Saturday, April 17, 2010


There's nothing like learning a language to make you realize the extent to which you take your own, native language for granted. The absolute ease with which I use English, the way I don't even have to think in many cases about how to say something or what to say, is a testament to how fundamentally a part of us that language is. And of course this is all in stark juxtaposition to how hyper-aware one is of every aspect of the language one is learning.

And so I've been struck by how full of sayings Turkish is. English surely is as well, but my learner's vantage point of Turkish has given me objectivity, a certain distance from the language, and has allowed me to make certain observations.

Turkish people use their language's various expressions a lot. If I wanted to be cynical, I could hypothesize what that says about the people's lack of individuality, the importance of conformity. But their expressions really are lovely, and remind me a little of what I hear said about the Japanese language and its many politenesses, so I'll focus on the positive here.

For example, one absolutely must say ''hoş geldin,'' when someone arrives in your home. Or your store. Or at your table in a restaurant. Or even just joins a group of people standing at a cocktail party. In English, I don't think I've ever said ''welcome'' out loud. It's only ever written on large signs as you enter towns, isn't it?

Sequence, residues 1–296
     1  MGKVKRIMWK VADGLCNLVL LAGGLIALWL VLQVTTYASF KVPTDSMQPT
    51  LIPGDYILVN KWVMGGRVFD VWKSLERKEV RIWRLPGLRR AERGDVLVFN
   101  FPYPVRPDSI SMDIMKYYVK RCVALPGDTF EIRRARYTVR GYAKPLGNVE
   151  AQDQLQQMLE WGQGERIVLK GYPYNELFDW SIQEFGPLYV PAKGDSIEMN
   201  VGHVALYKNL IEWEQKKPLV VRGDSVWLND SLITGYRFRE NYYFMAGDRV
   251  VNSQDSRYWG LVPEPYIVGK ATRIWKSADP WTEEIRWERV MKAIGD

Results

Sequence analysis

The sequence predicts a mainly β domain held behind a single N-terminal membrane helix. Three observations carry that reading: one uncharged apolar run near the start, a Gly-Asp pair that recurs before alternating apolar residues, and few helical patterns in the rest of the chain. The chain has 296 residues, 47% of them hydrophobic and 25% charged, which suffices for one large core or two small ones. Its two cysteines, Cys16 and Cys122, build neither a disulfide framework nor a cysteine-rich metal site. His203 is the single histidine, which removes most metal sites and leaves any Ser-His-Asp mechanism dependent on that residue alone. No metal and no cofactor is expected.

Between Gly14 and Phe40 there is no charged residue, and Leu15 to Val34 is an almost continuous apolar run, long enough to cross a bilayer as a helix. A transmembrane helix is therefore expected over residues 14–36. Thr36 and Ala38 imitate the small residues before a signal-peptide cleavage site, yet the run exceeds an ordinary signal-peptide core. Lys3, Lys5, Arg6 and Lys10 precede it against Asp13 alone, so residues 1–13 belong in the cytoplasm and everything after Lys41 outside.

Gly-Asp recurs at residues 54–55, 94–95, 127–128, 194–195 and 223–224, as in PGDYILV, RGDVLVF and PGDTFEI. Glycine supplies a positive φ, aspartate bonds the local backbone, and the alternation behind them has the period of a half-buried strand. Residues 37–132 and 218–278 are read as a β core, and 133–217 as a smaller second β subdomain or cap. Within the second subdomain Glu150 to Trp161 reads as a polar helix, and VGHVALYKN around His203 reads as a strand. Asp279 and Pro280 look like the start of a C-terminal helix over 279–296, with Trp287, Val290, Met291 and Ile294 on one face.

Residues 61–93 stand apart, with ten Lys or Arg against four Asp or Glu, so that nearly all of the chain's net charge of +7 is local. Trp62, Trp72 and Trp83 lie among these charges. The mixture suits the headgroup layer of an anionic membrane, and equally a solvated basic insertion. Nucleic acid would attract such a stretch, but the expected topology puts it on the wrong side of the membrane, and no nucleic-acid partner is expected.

As a new learner of Turkish, I very quickly learned the above-mentioned hoş geldin and its response, hoş bulduk. I also learned kolay gelsin, said to one who is working and which literally translates as 'may it come easily.' Soon after, I learned geçmiş olsun, 'may it pass,' said to someone who is ill and is the equivalent of the English 'get well soon.' One of the more interesting phrases I learned is gözün aydın, said instead of 'congratulations' when the cause for celebration is the return or arrival of someone or something. This last expression literally means, 'may your eyes shine,' and I suppose refers to the tears of joy one might shed on such occasions. Ellerine sağlık, wishing health to the hands of the person who has prepared a meal or done some other task for you, is a particularly lovely saying.

But not using the above phrases when called for, or saying something different, inevitably raises eyebrows, taking me back to my initial observation -- whereas in English you might welcome dinner guests into your home with any number of ways, in Turkish, you will say hoş geldin. End of story.

Which brings me to my next point, namely how much the Turkish language reveals about Turkish culture. Nothing new, I know. But surprisingly the reverse is likewise true -- the lackof certain expressions in English reveals something as well.

Now, whenever I'm in an English-speaking situation and see someone working or greet a visitor, I open my mouth to wish them -- something. But what can I say? There really is no English equivalent, no standard saying for me to resort to. And I'm left feeling like there's something missing. It's moments like these that I especially appreciate the beauty of Turkish and Turkish culture, and realize how much learning another language enriches your life.

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